But whatever happens on Heathrow, the Prime Minister and the Chancellor have already made clear they do want new runway capacity in the South East. That suggests they do plan to U-turn on their coalition agreement commitment not to approve new runways at Gatwick, Stansted or Heathrow. A Lib Dem source signalled to the Telegraph that whilst they're opposed to a new runway at Heathrow, they too are open to expansion somewhere else.

Since aviation remains the fastest growing cause of climate change, and millions of people living under flight paths would be blighted by noise and air pollution, we could yet see seasoned environmentalists once again arm-in-arm with Middle England rising up to stop the aviation juggernaut from destroying the places people love and undermining our efforts to curb global warming.

If this happens, the Chancellor will have created a political nightmare because of his starry-eyed devotion to corporate lobbyists. Sound familiar?

Joss Garman is a senior campaigner at Greenpeace UK. He previously co-founded the Plane Stupid direct action campaign against airport expansion. Follow him on Twitter: @jossgarman

A British Airways aircraft taxis past other parked British Airways aircraft at Terminal 5 of Photograph: Getty Images.

Joss Garman is associate fellow on climate change and energy at the Institute for Public Policy Research (IPPR).

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Let's face it: supporting Spurs is basically a form of charity

Now, for my biggest donation yet . . .

I gazed in awe at the new stadium, the future home of Spurs, wondering where my treasures will go. It is going to be one of the architectural wonders of the modern world (football stadia division), yet at the same time it seems ancient, archaic, a Roman ruin, very much like an amphitheatre I once saw in Croatia. It’s at the stage in a new construction when you can see all the bones and none of the flesh, with huge tiers soaring up into the sky. You can’t tell if it’s going or coming, a past perfect ruin or a perfect future model.

It has been so annoying at White Hart Lane this past year or so, having to walk round walkways and under awnings and dodge fences and hoardings, losing all sense of direction. Millions of pounds were being poured into what appeared to be a hole in the ground. The new stadium will replace part of one end of the present one, which was built in 1898. It has been hard not to be unaware of what’s going on, continually asking ourselves, as we take our seats: did the earth move for you?

Now, at long last, you can see what will be there, when it emerges from the scaffolding in another year. Awesome, of course. And, har, har, it will hold more people than Arsenal’s new home by 1,000 (61,000, as opposed to the puny Emirates, with only 60,000). At each home game, I am thinking about the future, wondering how my treasures will fare: will they be happy there?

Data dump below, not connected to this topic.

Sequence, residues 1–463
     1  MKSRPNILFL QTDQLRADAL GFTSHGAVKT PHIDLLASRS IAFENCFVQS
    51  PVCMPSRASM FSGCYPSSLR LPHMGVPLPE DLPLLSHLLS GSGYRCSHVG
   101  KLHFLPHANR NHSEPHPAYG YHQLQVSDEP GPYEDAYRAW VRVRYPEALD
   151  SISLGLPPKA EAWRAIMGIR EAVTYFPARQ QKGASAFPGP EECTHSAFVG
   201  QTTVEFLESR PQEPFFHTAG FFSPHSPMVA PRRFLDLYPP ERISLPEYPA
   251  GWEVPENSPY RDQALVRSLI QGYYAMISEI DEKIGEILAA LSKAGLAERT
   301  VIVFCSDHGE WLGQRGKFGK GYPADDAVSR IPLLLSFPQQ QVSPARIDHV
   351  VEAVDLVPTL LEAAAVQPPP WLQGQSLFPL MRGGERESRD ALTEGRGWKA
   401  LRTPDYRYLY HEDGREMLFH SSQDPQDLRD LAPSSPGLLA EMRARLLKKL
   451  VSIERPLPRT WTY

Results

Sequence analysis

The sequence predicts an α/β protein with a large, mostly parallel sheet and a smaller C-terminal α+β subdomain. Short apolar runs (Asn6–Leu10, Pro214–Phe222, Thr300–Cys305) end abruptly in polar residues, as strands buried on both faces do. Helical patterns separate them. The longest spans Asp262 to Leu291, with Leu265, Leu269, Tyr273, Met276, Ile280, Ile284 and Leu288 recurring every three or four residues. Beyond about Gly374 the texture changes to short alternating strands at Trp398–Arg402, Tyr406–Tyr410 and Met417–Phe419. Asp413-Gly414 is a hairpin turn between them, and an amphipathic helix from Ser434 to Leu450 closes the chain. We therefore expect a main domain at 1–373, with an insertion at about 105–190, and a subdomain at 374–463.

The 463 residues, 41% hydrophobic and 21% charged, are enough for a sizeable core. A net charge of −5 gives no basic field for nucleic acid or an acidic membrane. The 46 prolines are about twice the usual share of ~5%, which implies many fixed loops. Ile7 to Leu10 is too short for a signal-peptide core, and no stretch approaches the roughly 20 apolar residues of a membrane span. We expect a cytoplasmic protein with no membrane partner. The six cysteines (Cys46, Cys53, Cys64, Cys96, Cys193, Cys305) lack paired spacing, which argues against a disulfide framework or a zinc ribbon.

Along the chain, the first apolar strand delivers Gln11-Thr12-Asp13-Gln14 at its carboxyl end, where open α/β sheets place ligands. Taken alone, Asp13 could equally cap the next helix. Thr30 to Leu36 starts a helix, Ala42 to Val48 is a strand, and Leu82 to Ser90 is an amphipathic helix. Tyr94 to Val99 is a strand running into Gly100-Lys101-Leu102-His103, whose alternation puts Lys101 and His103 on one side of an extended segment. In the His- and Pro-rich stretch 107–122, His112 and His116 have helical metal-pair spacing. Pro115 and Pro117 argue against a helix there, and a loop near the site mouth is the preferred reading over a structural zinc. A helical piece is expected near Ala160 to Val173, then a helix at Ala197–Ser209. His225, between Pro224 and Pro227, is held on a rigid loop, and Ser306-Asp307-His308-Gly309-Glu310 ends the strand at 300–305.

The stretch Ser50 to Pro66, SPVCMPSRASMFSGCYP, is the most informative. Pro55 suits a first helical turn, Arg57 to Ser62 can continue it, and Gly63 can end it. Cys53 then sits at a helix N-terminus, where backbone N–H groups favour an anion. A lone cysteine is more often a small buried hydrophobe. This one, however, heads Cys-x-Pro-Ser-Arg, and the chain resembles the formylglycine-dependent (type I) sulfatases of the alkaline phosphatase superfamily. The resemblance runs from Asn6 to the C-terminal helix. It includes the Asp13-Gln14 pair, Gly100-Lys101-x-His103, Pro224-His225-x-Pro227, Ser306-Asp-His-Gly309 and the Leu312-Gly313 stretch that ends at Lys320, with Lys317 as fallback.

No, I don’t mean Harry Kane, Danny Rose and Kyle Walker – local as well as national treasures. Not many Prem teams these days can boast quite as many English persons in their ranks. I mean my treasures, stuff wot I have been collecting these past 50 years.

About ten years ago, I went to a shareholders’ meeting at White Hart Lane when the embryonic plans for the new stadium were being announced. I stood up when questions were called for and asked the chairman, Daniel Levy, about having a museum in the new stadium. I told him that Man United had made £1m the previous year from their museum. Surely Spurs should make room for one in the brave new mega-stadium – to show off our long and proud history, delight the fans and all those interested in football history and make a few bob.

He mumbled something – fluent enough, as he did go to Cambridge – but gave nothing away, like the PM caught at Prime Minister’s Questions with an unexpected question.

But now it is going to happen. The people who are designing the museum are coming from Manchester to look at my treasures. They asked for a list but I said, “No chance.” I must have 2,000 items of Spurs memorabilia. I could be dead by the time I finish listing them. They’ll have to see them, in the flesh, and then they’ll be free to take away whatever they might consider worth having in the new museum.

I’m awfully kind that way, partly because I have always looked on supporting Spurs as a form of charity. You don’t expect any reward. Nor could you expect a great deal of pleasure, these past few decades, and certainly not the other day at Liverpool when they were shite. But you do want to help them, poor things.

I have been downsizing since my wife died, and since we sold our Loweswater house, and I’m now clearing out some of my treasures. I’ve donated a very rare Wordsworth book to Dove Cottage, five letters from Beatrix Potter to the Armitt Library in Ambleside, and handwritten Beatles lyrics to the British Library. If Beckham and I don’t get a knighthood in the next honours list, I will be spitting.

My Spurs stuff includes programmes going back to 1910, plus recent stuff like the Opus book, that monster publication, about the size of a black cab. Limited editions cost £8,000 a copy in 2007. I got mine free, as I did the introduction and loaned them photographs. I will be glad to get rid of it. It’s blocking the light in my room.

Perhaps, depending on what they want, and they might take nothing, I will ask for a small pourboire in return. Two free tickets in the new stadium. For life. Or longer . . . 

Hunter Davies is a journalist, broadcaster and profilic author perhaps best known for writing about the Beatles. He is an ardent Tottenham fan and writes a regular column on football for the New Statesman.

This article first appeared in the 16 February 2017 issue of the New Statesman, The New Times